Who is to Judge?: Charles Gardner Geyh
An elected judiciary is virtually unique to the American experience and creates a paradox in a representative democracy. Elected judges take an oath to uphold the law impartially, which calls upon them to swear off the influence of the very constituencies they must cultivate in order to attain and retain judicial office. This paradox has given rise to perennially shrill and unproductive binary arguments over the merits and demerits of elected and appointed judiciaries, which this project seeks to transcend and reimagine. In Who Is to Judge?, judicial politics expert Charles Gardner Geyh exposes and explains the overstatements of both sides in the judicial selection debate. When those exaggerations are understood as such, it becomes possible to search for common ground and its limits. Ultimately, this search leads Geyh to conclude that, while appointive systems are a preferable default, no one system of selection is best for all jurisdictions at all times.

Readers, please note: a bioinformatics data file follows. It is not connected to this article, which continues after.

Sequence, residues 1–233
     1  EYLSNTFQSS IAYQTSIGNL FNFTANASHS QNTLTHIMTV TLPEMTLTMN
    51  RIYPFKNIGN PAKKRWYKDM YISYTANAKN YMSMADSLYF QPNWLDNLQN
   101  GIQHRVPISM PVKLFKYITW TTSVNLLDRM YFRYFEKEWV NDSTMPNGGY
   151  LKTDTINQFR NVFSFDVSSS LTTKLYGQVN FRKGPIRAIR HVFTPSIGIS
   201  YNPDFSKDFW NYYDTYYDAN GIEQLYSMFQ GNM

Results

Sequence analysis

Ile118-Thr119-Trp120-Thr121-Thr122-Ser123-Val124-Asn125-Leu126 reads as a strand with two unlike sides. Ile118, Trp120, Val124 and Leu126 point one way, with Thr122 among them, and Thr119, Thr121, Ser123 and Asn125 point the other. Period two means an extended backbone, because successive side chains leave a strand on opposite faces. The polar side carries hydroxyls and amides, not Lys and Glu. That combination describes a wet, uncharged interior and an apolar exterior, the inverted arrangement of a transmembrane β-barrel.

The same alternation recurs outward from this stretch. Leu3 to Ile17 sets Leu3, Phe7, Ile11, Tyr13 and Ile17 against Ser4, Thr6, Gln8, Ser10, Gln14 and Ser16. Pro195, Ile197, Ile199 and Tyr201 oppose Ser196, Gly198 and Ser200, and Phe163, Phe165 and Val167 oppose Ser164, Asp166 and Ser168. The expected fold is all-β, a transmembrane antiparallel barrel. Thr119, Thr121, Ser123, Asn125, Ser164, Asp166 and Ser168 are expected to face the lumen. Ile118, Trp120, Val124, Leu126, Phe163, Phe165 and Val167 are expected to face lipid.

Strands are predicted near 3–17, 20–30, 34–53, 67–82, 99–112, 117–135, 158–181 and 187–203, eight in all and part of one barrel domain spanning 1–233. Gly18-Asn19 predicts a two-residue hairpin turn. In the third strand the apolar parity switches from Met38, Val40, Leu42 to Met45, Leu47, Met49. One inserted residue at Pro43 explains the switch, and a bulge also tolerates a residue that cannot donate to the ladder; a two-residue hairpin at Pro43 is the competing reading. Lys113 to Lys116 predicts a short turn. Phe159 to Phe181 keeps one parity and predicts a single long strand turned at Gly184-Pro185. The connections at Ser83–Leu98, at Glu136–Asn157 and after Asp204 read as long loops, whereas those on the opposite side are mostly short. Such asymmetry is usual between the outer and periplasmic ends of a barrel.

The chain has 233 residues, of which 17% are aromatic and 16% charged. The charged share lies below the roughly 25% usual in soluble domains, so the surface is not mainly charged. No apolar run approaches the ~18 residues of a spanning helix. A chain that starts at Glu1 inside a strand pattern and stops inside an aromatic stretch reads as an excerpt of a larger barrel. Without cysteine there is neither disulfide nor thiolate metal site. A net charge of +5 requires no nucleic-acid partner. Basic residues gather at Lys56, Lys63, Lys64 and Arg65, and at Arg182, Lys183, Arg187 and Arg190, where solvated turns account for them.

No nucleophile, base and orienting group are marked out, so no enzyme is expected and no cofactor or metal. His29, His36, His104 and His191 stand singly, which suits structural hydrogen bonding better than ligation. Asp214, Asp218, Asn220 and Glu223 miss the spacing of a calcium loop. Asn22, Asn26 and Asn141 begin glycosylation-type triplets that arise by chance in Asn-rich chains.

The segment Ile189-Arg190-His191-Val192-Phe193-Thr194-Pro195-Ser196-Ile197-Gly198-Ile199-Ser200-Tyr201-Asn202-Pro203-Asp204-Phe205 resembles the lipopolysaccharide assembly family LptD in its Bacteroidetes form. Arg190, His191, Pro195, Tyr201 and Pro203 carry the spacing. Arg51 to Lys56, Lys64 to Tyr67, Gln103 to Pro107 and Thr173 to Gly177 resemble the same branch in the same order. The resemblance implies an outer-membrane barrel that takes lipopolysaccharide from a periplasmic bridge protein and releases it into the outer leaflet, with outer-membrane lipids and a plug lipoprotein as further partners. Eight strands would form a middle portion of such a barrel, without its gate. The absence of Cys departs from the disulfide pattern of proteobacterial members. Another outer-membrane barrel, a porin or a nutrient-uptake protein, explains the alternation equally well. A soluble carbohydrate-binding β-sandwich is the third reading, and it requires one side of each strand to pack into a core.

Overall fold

- Engages the popular debate on judge selection but argues that both sides are wrong, in pursuit of a moderated position between the poles
- Brings history, political science, psychological science, and law to bear in an interdisciplinary analysis of the issues
- Presents these ideas in a smart yet informal writing style that will be accessible for students and general readers
Oxford University Press
New York, NY
Judges-Selection and appointment-United States.
Courts | Judges | Law
Geyh, Charles G., "Who is to Judge?: Charles Gardner Geyh" (2019). Books by Maurer Faculty. 204.